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2010-05-28 digital edition

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2010-05-28 / Church

Focus on the Family with Dr. James Dobson

SET BOUNDARIES BEFORE LEAVING FOR FAMILY HOLIDAYS

QUESTION: How can parents preserve their own peace of mind and maintain harmony during car trips and family holidays?

DR. DOBSON: Sometimes it helps to redefine the boundaries at the beginning of your time together. Let the children know exactly what you’re doing and what’s expected of them. If they still misbehave, respond with good, loving discipline right from the start.

No parent wants to be an ogre on vacation, but it helps to show a little firmness at the outset that can make the rest of the time together fun for the entire family.

QUESTION: We have always laughed a lot in our family, sometimes at each other. Is that good or bad?

DR. DOBSON: It is healthy to be able to laugh together in a family. We ought to be able to tease and joke with each other without having to worry about getting an angry overreaction in response. But when the laughter is always at the expense of the most vulnerable member of the family, it can be destructive.

Even innocent humor is painful when it’s the same child who is the object of ridicule. Unfortunately, that’s the way it often happens. When one youngster has an embarrassing characteristic, such as bedwetting, or thumb sucking, or stuttering, the other members of the family should be encouraged to tread very softly on the exposed nerves thereabouts. And a child should never be ridiculed for his or her size, whether he’s a small boy or a large girl.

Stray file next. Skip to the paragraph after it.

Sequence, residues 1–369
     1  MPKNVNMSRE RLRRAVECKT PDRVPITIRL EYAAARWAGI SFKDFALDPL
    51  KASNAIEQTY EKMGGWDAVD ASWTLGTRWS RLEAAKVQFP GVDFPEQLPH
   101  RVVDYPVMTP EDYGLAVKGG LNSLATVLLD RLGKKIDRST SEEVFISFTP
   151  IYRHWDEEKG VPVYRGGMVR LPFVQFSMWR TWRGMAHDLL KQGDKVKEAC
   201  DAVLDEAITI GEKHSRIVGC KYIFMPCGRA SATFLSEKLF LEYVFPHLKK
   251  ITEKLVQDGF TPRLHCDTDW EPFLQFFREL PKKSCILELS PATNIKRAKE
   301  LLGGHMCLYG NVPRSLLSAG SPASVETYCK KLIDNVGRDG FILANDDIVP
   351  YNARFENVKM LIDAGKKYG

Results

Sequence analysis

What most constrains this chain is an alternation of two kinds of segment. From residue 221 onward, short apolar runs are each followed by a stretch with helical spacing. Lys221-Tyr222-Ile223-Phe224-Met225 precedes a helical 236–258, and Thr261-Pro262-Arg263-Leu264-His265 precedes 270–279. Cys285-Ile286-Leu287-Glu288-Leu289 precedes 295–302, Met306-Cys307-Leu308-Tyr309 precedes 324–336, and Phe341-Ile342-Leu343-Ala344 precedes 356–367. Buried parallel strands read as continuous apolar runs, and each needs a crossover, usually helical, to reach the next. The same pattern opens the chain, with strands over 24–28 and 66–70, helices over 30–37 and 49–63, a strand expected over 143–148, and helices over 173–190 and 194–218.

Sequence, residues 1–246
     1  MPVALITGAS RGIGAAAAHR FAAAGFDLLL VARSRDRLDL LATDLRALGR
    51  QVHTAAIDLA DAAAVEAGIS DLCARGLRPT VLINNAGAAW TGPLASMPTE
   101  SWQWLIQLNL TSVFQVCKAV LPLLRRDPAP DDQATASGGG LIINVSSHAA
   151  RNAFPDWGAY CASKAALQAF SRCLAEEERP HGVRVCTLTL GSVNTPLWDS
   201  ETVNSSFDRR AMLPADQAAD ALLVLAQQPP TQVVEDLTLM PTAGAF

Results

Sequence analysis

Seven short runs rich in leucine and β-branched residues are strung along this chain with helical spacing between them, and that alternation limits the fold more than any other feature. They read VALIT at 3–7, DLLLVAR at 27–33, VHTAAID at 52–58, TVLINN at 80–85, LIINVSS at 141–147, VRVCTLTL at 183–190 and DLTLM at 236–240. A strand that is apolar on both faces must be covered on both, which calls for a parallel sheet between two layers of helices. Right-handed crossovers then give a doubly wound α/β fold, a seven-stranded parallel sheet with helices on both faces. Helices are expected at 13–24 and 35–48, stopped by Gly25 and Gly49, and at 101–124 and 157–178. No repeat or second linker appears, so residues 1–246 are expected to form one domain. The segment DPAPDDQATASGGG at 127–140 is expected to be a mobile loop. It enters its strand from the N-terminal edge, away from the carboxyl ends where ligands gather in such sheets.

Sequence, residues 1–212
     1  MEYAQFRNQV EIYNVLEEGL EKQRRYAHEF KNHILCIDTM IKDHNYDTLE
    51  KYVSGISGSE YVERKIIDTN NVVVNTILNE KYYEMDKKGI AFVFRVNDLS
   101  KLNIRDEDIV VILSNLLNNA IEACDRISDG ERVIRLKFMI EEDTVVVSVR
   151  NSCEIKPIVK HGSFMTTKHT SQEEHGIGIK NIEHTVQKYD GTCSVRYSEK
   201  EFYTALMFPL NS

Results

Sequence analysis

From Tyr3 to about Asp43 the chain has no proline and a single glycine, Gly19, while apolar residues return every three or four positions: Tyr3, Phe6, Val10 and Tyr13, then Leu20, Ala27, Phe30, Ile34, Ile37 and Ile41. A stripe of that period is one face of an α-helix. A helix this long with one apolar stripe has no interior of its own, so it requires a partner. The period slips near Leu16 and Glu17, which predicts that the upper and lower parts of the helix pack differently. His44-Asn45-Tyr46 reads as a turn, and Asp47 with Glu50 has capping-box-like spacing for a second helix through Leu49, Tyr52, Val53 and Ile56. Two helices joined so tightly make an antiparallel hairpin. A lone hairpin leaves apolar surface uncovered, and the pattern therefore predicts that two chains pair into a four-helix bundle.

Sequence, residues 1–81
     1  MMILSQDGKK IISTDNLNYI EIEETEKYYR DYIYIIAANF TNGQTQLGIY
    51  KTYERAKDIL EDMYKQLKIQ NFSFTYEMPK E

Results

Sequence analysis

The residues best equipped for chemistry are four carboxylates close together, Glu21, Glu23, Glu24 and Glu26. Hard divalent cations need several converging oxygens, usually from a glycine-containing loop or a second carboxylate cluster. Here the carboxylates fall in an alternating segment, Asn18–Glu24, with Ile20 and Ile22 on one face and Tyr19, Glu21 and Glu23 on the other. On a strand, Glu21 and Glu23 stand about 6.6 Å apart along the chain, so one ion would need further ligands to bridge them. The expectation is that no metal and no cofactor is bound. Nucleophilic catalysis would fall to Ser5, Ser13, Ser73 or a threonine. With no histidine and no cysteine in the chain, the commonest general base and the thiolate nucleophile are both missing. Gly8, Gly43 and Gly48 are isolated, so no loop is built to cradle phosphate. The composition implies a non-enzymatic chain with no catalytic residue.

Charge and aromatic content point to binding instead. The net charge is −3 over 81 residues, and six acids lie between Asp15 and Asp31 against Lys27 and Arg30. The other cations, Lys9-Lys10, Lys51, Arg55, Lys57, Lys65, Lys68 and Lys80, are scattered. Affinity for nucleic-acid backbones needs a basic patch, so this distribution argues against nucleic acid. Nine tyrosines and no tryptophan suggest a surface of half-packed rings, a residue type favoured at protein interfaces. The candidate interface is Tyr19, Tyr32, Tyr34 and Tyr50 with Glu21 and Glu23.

This is the guiding principle: It’s wise not to tease a child about the features that he or she is also defending outside the home. If that youngster is hearing about some obvious flaw all day long, he or she certainly doesn’t need more flak from the family. And when that child asks for a joke to end, the request should be honored.

Being the butt of everyone’s ridicule is a formula for lifelong resentment, and there’s just nothing funny about that happening.

QUESTION: My children love to do things for themselves, but they make such messes that it’s easier for me to do things for them. I just don’t have the patience to see them fumble with stuff. Do you think I’m wrong to step in and do things for them?

DR. DOBSON: I think you are wrong, even though I understand how you feel. I heard a story about a mother who was sick in bed with the flu. Her darling daughter wanted so much to be a good nurse. She fluffed the pillows and brought a magazine to read. And then she even showed up with a surprise cup of tea.

“Why, you’re such a sweetheart,” the mother said as she drank the tea. “I didn’t know you even knew how to make tea.”

“Oh, yes,” the little girl replied. “I learned by watching you. I put the tealeaves in the pan and then I put in the water, and I boiled it and then I strained it into a cup. But I couldn’t find a strainer, so I used the fly swatter instead.”

“You what?” the mother screamed.

And the little girl said, “Oh, don’t worry, Mom, I didn’t use the new fly swatter. I used the old one.”

Well, when kids try their hardest and they get it all wrong in spite of themselves, what’s a parent to do? What mothers and fathers often do is prevent their children from carrying any responsibility that could result in a mess or a mistake. It’s just easier to do everything for them than to clean up afterwards. But, I urge parents not to fall into that trap.

Your child needs her mistakes. That’s how she learns. So, go along with the game every now and then — even if the tea you drink tastes a little strange.

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